Legionella bacteria can pose a serious health risk in the indoor environment. Legionella is a gram-stain negative bacteria that was discovered in 1976 after an outbreak in Philadelphia. The outbreak occurred at an hotel during a convention for the American Legion, where 34 died and hundreds were hospitalized. Up to that point in time, the bacteria had not been discovered or named.
Legionella can be found naturally in freshwater environments as well as in man made water systems such as cooling towers, water tanks, and decorative fountains. It typically forms in warm, stagnant water and spreads when that water becomes aerosolized. It can form two different types of infections in humans:the more severe Legionnaires’ disease and the milder Pontiac fever.
Legionnaires’ disease is a type of pneumonia, which is typically more fatal than a common pneumonia. Exposure occurs when Legionella contaminated water is aerosolized and then inhaled by a person. Symptoms of Legionnaires’ disease include cough, high fever, shortness of breath and wide variety of symptoms similar to pneumonia. The infection is typically treated with antibiotics. The people who are most at risk for Legionnaires’ disease are smokers, elderly and the immunocompromised.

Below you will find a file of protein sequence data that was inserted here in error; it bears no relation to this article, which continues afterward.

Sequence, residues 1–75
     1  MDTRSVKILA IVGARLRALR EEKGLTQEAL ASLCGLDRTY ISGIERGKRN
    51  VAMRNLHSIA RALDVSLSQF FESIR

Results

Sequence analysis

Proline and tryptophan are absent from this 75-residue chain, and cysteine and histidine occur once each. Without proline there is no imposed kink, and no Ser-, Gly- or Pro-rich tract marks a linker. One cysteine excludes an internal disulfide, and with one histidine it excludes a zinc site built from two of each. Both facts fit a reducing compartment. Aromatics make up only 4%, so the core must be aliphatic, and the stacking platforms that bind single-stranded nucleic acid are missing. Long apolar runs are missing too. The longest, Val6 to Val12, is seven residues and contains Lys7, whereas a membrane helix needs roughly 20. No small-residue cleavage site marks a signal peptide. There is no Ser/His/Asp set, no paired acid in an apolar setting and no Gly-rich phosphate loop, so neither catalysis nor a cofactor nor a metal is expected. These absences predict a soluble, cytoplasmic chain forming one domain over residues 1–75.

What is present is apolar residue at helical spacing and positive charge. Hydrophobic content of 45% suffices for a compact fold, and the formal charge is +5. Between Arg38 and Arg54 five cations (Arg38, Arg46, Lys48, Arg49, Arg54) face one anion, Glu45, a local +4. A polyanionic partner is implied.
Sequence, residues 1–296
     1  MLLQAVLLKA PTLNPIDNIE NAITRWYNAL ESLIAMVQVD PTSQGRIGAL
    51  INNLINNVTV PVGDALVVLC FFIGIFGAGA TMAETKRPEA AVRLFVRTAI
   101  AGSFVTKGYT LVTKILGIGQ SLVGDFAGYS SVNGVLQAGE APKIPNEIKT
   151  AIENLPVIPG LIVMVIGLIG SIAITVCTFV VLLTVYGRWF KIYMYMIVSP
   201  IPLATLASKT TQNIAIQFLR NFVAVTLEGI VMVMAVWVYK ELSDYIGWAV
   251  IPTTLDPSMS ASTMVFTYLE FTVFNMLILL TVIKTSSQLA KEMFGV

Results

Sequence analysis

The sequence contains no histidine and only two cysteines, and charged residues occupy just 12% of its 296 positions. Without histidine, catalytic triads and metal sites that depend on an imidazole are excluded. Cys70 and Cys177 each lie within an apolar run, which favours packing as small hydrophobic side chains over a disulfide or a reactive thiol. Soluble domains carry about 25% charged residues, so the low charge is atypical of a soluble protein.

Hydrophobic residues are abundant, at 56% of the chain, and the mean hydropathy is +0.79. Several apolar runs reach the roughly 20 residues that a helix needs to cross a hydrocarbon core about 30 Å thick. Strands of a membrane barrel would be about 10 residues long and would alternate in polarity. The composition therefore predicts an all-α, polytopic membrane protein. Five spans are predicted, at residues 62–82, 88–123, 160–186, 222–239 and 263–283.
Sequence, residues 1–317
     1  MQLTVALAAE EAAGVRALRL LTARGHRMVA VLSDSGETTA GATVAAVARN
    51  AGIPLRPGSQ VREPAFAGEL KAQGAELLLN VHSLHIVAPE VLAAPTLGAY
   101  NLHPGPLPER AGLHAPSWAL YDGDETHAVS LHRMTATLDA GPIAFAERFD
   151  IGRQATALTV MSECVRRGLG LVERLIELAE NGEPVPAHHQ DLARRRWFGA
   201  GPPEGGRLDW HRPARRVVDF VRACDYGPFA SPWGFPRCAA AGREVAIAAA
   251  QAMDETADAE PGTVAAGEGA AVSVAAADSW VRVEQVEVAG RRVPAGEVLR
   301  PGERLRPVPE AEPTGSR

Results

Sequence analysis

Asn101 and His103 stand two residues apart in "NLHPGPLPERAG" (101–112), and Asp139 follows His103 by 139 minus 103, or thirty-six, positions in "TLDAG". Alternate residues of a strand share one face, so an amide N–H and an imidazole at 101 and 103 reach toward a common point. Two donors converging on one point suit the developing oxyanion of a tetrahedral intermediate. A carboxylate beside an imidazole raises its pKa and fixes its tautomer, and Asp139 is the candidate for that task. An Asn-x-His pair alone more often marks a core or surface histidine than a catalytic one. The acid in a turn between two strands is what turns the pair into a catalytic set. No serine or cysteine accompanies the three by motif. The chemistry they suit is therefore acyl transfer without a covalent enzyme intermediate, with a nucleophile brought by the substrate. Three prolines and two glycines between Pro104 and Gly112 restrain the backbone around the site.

Another infection caused by the Legionella bacterium is Pontiac Fever. Pontiac Fever is a condition that resembles influenza, and is a Legionella infection that does not include a form of pneumonia. It was discovered retrospectively after the Legionnaire’s disease outbreak of 1976 when blood samples from a 1968 influenza outbreak in Pontiac, Michigan showed the presence of the Legionella bacterium. Pontiac Fever is treated with antibiotics like Legionnaires’ disease. Both Legionnaires’ Disease and Pontiac Fever are generally not spread from person to person.